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Photography Tips: Exploiting Overcast Days

Skill Level: Professional

In landscape photography, we are often at the mercy of the weather. Sometimes it's a fortunate coincidence of great weather when you happen to be out shooting, but more often than not, the weather just doesn't cooperate. Nature doesn't want to make photography easy for you.

I'm a big fan of making lemonade when nature gives you lemons. It has the sweet taste of victory. So I'm going to show you how to make lemonade out of a lemon of a sky. Specifically, overcast days.

Overcast days don't give you the most stunning light for landscapes. Great for macro work, but generally bad for landscapes. If you're going to conquer the scene in front of you and make an awesome photograph regardless of the dreary sky, you have to take what you're given and exploit it.

What you're given is dark, bluish light and cold weather. So instead of fighting these things and trying to make a typical sunny landscape, take that dark feel, that blue tone and that cold sensation and exploit it. Highlight it.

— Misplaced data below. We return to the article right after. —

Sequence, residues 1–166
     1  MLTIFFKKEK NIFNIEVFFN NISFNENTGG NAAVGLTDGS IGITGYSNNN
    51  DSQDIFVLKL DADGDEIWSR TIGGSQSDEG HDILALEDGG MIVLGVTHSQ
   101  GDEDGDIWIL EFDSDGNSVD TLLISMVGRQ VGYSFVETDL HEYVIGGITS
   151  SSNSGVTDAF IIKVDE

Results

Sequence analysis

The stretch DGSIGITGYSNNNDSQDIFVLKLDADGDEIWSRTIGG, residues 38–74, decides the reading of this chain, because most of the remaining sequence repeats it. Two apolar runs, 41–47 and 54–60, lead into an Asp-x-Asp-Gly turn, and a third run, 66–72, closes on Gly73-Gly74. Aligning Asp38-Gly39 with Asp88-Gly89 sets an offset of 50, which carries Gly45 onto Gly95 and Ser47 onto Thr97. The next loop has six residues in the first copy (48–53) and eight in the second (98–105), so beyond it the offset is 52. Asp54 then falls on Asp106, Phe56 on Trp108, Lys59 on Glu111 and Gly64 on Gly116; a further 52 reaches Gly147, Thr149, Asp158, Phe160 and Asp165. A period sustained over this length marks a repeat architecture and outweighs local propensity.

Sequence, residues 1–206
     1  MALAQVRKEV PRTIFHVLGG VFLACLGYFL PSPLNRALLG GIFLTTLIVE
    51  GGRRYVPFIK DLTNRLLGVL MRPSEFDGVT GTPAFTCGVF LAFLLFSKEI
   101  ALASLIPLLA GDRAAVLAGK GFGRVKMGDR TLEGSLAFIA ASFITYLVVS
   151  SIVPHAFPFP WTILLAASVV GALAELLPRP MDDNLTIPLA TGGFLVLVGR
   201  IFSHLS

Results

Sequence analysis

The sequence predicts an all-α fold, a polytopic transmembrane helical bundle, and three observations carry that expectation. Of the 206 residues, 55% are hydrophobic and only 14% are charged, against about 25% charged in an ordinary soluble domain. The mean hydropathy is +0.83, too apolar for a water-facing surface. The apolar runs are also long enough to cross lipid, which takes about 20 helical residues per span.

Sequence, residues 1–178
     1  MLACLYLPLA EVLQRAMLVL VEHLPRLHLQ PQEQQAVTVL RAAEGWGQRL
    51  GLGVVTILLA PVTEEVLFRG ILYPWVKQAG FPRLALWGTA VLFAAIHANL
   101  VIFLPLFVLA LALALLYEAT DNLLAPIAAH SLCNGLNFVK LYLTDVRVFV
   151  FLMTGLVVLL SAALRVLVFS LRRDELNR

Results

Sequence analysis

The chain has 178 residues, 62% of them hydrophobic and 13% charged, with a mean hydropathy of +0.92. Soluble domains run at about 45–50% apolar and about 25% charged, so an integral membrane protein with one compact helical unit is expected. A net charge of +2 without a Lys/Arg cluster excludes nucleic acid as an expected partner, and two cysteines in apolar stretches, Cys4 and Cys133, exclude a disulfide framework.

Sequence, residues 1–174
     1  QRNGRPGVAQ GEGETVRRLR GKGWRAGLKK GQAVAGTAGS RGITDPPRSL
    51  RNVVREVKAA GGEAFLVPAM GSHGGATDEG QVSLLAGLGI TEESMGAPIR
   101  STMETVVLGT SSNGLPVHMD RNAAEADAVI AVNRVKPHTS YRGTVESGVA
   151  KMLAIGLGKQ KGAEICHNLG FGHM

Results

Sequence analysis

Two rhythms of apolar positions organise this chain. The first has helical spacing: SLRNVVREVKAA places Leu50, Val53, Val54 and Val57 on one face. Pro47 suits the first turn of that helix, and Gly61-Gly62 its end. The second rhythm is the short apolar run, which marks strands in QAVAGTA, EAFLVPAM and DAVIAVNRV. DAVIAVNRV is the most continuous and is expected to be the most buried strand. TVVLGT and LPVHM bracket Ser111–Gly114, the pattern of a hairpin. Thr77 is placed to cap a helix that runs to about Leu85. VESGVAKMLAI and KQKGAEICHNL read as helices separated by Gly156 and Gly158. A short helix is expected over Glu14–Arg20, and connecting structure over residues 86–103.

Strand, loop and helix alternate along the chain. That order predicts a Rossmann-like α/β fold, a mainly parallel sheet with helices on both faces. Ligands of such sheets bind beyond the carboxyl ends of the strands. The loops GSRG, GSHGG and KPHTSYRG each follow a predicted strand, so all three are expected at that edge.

The first way to do that is to underexpose your landscape by a little bit. Maybe 2/3 to 1 stop. For instance, in this shot, let's say I would normally meter that rock at -0.7 on a typical sunset with less cloud-cover (shooting in Manual, of course). With this overcast sky, I'm going to underexpose the scene by a little bit to create a mood that matches the dramatic, overcast sky. So instead of metering that rock at -0.7, I'll meter it at -1.3. That brings the entire exposure down by 2/3 of a stop to create a darker picture that jives better with the dark weather.

Rock Metered a Little Darker Than Normal

Same goes for the sky. Let's assume I'm going to use some split NDs to get the sky properly exposed. To render the clouds "accurately," I'd want them to line up around -1.0 on the meter. But I want to underexpose this shot. So instead of using filtration to get the sky to -1.0, I'm going to use a little bit stronger filter to get it around -1.7 (2/3 of a stop darker).

Filter the sky a little darker